No international crisis tested Obama's foreign policy or his high bar for US military intervention like Syria.

Even when Bashar al-Assad defied Obama's red line on chemical weapons use and killed countless thousands of civilians – along with Russian and Iranian forces – the man who came to office on an anti-war ticket rejected calls to step in.

Syria will likely be in crisis for years to come.

Critics will long argue about whether Obama's policy was sensible and to what degree his decision damaged America's reputation, allowed the Islamic State group to grow, fuelled a flow of migrants that destabilised Europe, and allowed Russia and Iran to extend influence in the region.

Change the climate

After the climate skepticism of Bush, Obama's eight years in office resulted in a tidal wave of environmental legislation, protecting marine ecosystems, curbing carbon emissions and boosting renewable energy.

In a bid to ingrain environmentalism into America's body politic, Obama hiked Alaskan glaciers, snorkelled at Midway Island and rushed through ratification of the Paris climate accord.

But Obama's environmental agenda is likely to come under sustained assault from his successor, putting the durability of that legacy into question.

A very big deal

Democrats had tried and failed for decades to provide Americans with universal healthcare. Obama wasn't quite able to do that but he extended insurance coverage to tens of millions of citizens who previously had none.

Republicans decried the "Obamacare" plan as socialism incarnate, at one point claiming it would even create "death panels". But they failed to stop it from passing. They may yet have a crack at repealing it under Donald Trump's watch.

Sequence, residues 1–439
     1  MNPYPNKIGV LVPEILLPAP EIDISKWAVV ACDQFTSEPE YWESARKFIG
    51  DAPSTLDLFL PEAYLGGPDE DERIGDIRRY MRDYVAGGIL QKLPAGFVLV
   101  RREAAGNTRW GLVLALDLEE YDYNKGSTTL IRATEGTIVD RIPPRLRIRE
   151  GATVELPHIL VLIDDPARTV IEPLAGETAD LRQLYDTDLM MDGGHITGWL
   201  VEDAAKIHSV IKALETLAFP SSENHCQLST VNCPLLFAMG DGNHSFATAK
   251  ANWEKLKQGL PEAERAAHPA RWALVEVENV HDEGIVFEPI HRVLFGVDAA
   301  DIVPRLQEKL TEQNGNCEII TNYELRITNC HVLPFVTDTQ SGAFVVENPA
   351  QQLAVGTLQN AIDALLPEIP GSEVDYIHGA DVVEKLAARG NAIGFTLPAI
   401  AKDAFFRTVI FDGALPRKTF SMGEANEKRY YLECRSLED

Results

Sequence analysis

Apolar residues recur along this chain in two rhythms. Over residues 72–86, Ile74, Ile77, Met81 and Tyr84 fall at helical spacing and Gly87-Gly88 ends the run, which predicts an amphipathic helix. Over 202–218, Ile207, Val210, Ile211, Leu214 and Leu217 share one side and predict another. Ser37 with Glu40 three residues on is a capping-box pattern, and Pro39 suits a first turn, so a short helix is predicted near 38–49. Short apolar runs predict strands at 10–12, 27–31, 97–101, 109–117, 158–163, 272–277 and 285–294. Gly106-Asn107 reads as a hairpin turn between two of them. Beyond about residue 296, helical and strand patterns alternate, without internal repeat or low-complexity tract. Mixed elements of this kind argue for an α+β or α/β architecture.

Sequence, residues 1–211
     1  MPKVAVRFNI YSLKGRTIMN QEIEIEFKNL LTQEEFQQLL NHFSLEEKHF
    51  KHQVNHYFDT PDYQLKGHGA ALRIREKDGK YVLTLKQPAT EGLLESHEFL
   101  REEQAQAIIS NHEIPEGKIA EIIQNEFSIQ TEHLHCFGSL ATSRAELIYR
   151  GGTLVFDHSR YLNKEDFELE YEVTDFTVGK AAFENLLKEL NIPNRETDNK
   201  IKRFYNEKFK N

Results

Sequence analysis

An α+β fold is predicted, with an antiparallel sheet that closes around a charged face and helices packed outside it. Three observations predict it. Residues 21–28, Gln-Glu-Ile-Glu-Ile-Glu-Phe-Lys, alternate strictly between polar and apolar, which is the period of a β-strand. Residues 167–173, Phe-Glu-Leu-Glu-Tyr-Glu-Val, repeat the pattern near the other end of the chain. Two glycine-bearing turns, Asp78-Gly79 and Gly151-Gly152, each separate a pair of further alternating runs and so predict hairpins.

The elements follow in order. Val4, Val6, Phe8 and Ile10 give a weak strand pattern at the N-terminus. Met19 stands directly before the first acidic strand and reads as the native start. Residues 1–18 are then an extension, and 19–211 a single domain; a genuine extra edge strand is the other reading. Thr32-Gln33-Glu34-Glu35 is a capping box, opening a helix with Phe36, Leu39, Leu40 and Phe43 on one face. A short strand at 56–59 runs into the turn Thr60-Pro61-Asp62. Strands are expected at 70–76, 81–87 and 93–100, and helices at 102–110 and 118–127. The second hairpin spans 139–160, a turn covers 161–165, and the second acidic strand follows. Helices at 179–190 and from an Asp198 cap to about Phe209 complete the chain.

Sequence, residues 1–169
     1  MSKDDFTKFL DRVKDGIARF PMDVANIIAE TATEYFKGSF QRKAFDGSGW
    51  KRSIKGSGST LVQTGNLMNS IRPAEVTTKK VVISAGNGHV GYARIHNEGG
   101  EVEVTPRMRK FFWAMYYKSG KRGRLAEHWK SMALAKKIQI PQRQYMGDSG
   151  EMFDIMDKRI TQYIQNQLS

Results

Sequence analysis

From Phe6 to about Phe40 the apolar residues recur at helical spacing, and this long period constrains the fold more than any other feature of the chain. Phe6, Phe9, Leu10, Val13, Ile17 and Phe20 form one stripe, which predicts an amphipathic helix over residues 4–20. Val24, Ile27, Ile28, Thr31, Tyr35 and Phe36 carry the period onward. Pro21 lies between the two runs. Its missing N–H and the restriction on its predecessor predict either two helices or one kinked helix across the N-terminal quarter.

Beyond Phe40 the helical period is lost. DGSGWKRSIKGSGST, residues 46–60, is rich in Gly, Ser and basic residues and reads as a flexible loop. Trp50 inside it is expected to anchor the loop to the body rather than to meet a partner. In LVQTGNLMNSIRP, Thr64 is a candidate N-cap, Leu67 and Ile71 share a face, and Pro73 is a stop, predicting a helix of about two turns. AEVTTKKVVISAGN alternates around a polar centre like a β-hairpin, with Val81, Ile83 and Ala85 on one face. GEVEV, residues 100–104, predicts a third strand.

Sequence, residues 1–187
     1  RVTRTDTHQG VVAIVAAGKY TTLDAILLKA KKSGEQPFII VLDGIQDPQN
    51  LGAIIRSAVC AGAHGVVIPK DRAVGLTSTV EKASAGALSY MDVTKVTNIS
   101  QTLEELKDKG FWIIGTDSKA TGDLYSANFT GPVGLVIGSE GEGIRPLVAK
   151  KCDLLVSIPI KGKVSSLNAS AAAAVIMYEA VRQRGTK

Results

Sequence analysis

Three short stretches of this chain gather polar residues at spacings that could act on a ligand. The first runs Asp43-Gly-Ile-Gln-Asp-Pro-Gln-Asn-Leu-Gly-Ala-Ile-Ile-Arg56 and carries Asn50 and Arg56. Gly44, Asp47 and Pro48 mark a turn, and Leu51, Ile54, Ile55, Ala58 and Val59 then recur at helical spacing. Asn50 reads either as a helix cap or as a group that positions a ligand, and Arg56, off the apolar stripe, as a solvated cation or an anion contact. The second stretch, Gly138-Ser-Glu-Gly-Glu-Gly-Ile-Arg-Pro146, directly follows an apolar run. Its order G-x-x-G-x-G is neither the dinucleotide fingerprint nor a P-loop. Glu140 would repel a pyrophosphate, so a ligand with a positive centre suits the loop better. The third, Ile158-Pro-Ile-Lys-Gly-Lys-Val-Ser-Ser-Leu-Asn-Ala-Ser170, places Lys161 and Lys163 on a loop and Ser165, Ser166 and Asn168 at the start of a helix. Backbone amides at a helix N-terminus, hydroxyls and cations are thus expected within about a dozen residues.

Racial tensions persist

Many hoped that America's first black president would help the nation overcome racial inequality. But the man elected with the overwhelming support of the nation's minority voters of all colours disappointed many.

Racial tensions – underscored by police shootings of unarmed black men and conspiracy theories about Obama's birthplace – persisted, and the president remained cautious about weighing in on the issue; too cautious, for some.

But the very fact of his election confirmed monumental changes in society, and he sometimes offered very personal, searing messages about the struggle of blacks in America.

In 2012, after the fatal shooting of unarmed black teen Trayvon Martin in Florida, Obama said: "If I had a son, he'd look like Trayvon."

Meet the neighbours

Obama's trip to Cuba may be remembered in the same way as Richard Nixon's visit to China, but in truth it was the capstone of a much broader effort to improve US relations with Latin America.

Resurgent left-wing populists in the region had rekindled past memories of "yanqui imperialism" – US-led coups, death squads and heavy-handed intervention.

Barely 100 days after Obama took office, he told regional leaders at a Summit of the Americas that the United States had changed. The approach was to deny leaders like Venezuela's Hugo Chavez any excuses for sideshow anti-Americanism.

He shook Chavez's hand, met Nicaraguan firebrand Daniel Ortega and visited the tomb of a popular Salvadoran priest killed by US-linked death squads.

Obama alluded to "mistakes" in a coup that installed dictator Augusto Pinochet in Chile, released documents about involvement in Argentina's dirty war and, of course, visited Havana.

Read more on:    barack obama  |  us  |  politics